You may be the only nurse on the floor during your shift which will mean you oversee the care of anything from 10 patients to 30 with the support of care staff.
You will delegate work to each member of the team and be accountable for whatever happens on the shift whilst you are on duty.
You are unlikely to ever be bored!
How to become a nursing home nurse
Many nurses do move from the NHS to the private nursing home sector. But there are some that start off their career in a nursing home. (If you are not a qualified nurse and want to find out how to become one here's a quick guide on how to become a RGN.)
In order to become a nursing home nurse you first need to have obtained your nursing qualification.
Once you have your nursing qualification, and if you feel nursing home nursing is for you, then you can apply as soon as you are in your final 6 months of training.
Most nursing home nurses will either be adult or mental health trained but some homes that specialise in learning disabilities will recruit nurses with the learning disabilities registration.
Adult nurses and mental health nurses can work in both dementia units and frailty units as they will often have cross over skills for both.
Opportunities for career development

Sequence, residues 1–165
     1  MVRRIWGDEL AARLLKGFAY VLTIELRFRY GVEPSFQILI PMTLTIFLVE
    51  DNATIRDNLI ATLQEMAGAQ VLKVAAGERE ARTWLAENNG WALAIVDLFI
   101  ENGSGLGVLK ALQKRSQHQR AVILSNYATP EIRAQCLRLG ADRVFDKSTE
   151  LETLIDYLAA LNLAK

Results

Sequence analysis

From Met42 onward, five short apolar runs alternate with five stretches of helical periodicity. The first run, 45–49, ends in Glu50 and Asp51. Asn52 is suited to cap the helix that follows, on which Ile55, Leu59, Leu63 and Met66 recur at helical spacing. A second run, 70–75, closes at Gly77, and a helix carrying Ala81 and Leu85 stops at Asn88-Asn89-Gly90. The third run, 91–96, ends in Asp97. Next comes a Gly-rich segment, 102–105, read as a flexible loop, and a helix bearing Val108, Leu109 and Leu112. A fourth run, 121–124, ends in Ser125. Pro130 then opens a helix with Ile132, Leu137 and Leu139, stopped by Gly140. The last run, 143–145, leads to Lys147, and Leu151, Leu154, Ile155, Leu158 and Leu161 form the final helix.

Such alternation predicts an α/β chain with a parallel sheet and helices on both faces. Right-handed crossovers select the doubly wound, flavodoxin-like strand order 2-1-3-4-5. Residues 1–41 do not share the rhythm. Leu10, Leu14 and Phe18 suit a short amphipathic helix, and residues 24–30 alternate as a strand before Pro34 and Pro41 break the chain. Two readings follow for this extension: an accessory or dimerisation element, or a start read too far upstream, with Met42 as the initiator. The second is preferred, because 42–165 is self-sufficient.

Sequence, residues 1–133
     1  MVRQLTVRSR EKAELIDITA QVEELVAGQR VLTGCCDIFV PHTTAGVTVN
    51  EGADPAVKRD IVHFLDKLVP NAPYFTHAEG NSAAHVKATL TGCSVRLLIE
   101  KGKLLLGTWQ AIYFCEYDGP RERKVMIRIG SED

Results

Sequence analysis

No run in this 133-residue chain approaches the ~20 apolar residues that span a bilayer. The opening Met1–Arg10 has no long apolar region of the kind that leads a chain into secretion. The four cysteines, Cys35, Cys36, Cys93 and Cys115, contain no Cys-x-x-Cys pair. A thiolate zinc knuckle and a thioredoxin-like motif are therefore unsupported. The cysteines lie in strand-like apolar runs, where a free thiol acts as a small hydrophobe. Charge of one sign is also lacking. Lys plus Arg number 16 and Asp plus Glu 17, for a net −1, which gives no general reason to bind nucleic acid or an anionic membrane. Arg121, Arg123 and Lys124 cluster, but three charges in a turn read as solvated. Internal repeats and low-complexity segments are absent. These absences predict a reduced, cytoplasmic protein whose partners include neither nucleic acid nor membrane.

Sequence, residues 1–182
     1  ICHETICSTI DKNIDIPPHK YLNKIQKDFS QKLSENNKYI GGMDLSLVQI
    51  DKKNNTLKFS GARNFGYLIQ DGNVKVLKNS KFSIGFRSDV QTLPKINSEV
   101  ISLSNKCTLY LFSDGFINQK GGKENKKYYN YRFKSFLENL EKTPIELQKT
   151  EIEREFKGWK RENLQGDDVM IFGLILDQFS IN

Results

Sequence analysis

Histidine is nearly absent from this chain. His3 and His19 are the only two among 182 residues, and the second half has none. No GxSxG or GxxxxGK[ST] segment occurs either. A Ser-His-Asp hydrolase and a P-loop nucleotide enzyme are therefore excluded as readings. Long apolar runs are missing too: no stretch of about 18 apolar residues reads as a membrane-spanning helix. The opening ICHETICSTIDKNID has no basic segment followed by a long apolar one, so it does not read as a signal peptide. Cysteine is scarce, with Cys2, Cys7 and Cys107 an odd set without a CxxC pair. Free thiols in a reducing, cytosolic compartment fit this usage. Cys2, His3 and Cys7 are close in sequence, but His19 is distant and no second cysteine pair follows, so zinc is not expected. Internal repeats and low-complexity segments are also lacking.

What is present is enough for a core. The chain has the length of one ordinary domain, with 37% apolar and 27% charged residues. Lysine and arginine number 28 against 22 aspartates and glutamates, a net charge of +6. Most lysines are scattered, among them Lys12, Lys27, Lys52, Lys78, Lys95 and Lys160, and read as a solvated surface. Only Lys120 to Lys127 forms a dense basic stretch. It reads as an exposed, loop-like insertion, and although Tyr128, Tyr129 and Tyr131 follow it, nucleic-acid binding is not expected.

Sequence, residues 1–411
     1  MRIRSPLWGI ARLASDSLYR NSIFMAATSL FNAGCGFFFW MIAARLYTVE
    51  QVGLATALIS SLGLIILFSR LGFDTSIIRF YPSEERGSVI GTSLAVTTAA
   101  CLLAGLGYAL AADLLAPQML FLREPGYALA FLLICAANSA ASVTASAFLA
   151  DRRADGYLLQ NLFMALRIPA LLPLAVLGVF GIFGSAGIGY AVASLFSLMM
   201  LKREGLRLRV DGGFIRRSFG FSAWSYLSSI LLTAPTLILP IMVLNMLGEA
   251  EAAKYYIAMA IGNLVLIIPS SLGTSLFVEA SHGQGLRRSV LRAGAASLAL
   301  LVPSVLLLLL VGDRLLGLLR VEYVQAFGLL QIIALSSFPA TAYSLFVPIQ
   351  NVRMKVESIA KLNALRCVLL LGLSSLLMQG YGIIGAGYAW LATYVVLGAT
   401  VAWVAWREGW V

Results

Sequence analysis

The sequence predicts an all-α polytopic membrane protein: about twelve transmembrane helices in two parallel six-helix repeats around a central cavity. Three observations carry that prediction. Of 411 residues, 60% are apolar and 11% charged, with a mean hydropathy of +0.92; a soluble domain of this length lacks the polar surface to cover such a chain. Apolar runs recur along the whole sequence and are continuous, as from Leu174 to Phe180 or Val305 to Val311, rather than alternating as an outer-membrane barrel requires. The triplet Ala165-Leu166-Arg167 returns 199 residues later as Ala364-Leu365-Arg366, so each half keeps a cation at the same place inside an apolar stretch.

The opportunity to learn new skills from each other whilst working in a care home environment is immense. For a more in depth guide on this, here's how to progress your career as a care home nurse.
As your career progresses, working in a nursing home environment can open doors to becoming part of the management team, leading to becoming a care home manager in your own right or perhaps becoming a specialist practitioner, such as an Admiral nurse (dementia specialist).
Many care homes are privately funded but will also accept both social care residents and those who are funded by NHS money.
NHS patients are those identified as having complex care needs that require specific, specialist care that is much more complex than most residents.
They may have PEG feeds, tracheostomy’s, complex medication regimes or challenging behaviour that cannot be managed in other environments.